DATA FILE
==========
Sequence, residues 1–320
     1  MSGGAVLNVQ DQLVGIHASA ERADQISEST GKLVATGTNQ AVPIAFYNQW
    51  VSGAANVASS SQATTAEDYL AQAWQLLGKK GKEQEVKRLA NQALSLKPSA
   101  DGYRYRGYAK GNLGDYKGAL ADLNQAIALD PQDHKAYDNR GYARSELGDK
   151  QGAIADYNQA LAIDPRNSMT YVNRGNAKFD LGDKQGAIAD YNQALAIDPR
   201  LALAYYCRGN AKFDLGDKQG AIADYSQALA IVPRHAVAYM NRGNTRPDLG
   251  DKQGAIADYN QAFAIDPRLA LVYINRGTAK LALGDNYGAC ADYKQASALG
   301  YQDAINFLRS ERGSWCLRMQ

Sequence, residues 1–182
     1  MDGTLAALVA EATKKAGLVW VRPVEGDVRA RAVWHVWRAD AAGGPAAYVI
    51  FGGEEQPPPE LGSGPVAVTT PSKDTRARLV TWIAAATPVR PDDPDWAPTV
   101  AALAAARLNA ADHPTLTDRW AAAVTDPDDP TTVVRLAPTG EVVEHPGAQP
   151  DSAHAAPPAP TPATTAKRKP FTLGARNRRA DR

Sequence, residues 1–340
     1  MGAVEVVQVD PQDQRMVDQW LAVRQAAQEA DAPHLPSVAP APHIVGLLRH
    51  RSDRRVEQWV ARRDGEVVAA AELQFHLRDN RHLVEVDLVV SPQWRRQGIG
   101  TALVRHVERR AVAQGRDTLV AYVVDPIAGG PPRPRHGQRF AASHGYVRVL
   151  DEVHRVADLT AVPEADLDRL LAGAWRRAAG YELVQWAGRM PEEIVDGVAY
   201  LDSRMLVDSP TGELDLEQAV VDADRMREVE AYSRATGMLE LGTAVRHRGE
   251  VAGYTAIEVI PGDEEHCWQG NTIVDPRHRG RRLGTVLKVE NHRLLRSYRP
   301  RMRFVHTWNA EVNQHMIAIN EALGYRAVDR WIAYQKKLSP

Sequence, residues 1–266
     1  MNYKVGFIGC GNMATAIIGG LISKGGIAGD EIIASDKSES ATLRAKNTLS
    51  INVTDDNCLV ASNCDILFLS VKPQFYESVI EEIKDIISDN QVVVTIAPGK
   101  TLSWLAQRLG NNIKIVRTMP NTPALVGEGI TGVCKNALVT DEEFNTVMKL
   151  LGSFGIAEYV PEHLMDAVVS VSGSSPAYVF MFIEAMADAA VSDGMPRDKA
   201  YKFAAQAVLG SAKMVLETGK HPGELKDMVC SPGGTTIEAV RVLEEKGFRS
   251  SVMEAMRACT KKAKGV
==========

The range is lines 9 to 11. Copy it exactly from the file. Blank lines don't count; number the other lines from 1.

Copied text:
Sequence, residues 1–182
     1  MDGTLAALVA EATKKAGLVW VRPVEGDVRA RAVWHVWRAD AAGGPAAYVI
    51  FGGEEQPPPE LGSGPVAVTT PSKDTRARLV TWIAAATPVR PDDPDWAPTV